Recently we looked at the TRENDnet TEG-S762 and the QNAP QSW-2104-2S-A as part of our 2.5GbE switch series. One alternative we got asked to look at is the QNAP QSW-2104-2T-A. This is very similar to the TRENDnet, as we will see as it has two 10GbE ports for uplinks or devices and four 2.5GbE ports. It is also one of the lower-cost 2.5GbE switches we found that has 10GbE ports making it interesting.
Ultimate Fanless 2.5GbE Switch Roundup
You may have seen that we published the Ultimate Cheap Fanless 2.5GbE Switch Mega Round-Up. This switch did not make it into the video however, you can check out other options here.
We decided to do the round-up first and will be filling in with reviews that we had not published at that point, including this one.
QNAP QSW-2104-2T-A Hardware Overview
The front of the switch is very similar to the QSW-2104-2S-A, except the 2 SFP+ ports are now RJ45. Ports 1-2 are 10GbE and ports 3-6 are 2.5GbE. The DC input and status lights are on the front panel.
The top says “QNAP” and has a few stickers.
The two sides only have vents. There are no rackmount holes.
The rear simply has screws for opening the lid.
Inside the switch, we have a large black heatsink. The strange part about this heatsink is that it is wide but not tall. This is the same heatsink we saw in the other QNAP and TRENDnet options mentioned earlier so it seems as though there is the same ODM.
Next, let us get to the management, performance, power consumption, and our final thoughts.
From QNAP’s website the 10GbE ports also support 2.5 & 5GbE for this model, but that is not listed for the QSW-2104-2S model with SFP+. Would it be possible to use a transceiver compatible with multi-gig in the S model’s SFP slots? Or is it truly 1/10Gb only?
Are there any 2.5G switches with PoE?
Is it possible to get the thickness of the unit with/out the feet installed?
My experience with trying various copper modules in different SFP+ ports has led to the conclusion that most combinations do not work because the switch tries to pump data at 10Gbps into the module. Aquantia/Marvell has some expensive modules that do fancy things with flow control and some managed switches have settings that throttle down the egress rate at the SFP+ ports.
There is an entire thread in the forums on this topic but you’re really better off buying a switch with multirate RJ45 ports for your use case.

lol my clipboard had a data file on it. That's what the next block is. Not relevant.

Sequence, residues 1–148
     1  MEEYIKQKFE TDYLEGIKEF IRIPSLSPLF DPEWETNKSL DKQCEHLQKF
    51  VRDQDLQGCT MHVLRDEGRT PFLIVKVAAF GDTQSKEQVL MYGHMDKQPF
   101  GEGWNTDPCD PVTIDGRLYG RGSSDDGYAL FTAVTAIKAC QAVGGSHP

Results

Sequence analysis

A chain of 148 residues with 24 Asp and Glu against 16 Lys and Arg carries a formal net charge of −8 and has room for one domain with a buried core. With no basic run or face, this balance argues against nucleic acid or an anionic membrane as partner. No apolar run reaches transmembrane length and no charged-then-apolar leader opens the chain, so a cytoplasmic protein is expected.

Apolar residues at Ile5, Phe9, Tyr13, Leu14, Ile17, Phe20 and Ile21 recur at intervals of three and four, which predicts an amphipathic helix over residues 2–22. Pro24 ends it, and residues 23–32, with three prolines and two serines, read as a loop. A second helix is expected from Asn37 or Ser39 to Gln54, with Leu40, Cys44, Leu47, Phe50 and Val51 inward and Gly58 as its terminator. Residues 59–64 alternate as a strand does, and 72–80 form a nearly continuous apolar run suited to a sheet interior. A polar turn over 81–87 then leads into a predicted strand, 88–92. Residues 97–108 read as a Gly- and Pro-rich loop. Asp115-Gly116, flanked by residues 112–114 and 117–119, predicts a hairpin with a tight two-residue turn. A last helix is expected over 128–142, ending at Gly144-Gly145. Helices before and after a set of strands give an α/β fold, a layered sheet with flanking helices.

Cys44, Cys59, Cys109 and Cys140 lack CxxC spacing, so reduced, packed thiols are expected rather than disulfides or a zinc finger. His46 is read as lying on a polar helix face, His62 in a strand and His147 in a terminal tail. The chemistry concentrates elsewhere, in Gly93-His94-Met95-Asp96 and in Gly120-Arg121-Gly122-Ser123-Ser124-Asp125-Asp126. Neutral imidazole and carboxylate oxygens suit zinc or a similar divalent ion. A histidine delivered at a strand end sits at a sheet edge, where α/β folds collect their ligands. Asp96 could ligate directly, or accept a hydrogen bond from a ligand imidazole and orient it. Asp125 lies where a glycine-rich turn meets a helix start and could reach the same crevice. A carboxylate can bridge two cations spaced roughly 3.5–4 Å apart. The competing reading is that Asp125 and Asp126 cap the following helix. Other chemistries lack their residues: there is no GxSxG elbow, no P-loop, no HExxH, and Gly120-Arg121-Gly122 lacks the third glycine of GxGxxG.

Now if only there were a decent NIC for Macbook Pro supporting 10Gbit on Ethernet without a fan…
10GbE over copper (RJ45) runs hotter than SFP+. If you prefer silence (and energy efficiency) I’d recommend going for SFP+ instead, especially if you are just starting out and are able to choose a switch with SFP+ ports. I’m using the QNA-T310G1S which is Thunderbolt 3 to 10 Gbps SFP+ with my 2019 MacBook Pro 16″ and have been very happy with it. It does not have a fan and is therefore completely silent.
@Krishna check the netgear ms108eup
I like what’s coming out there: I have a 10Gbase-T core in my home-lab and then kids with their own gamer PCs and mobile devices spread around the house. The ability to give 10Gbit to both the uplink and the gamer PC is just what I’d be looking for and another set of 2.5 Gbit ports for laptops and WIFI access points is an optimal match, too.
I prefer 10GBase-T all around for ease of cabling, but should I move some of the lab into another floor, perhaps it’s time to consider optical for that link, even if nothing in the house is 50 meters long.
@Luca: I am hesitant to say anything about Apple, but I do believe they have Thunderbolt 3. I use TB3 10Gbase-T NICs from Sabrent for my laptops and NUCs which feel and smell like an ordinary Aquantia/Marvell AQC107 to any PC OS and offer NBase-T for the entire range 1/2.5/5/10 Gbit/s. Completely silent, but they do get warm, not hot, thanks to a rather massive heatsink housing. You don’t want to run these on mobile power…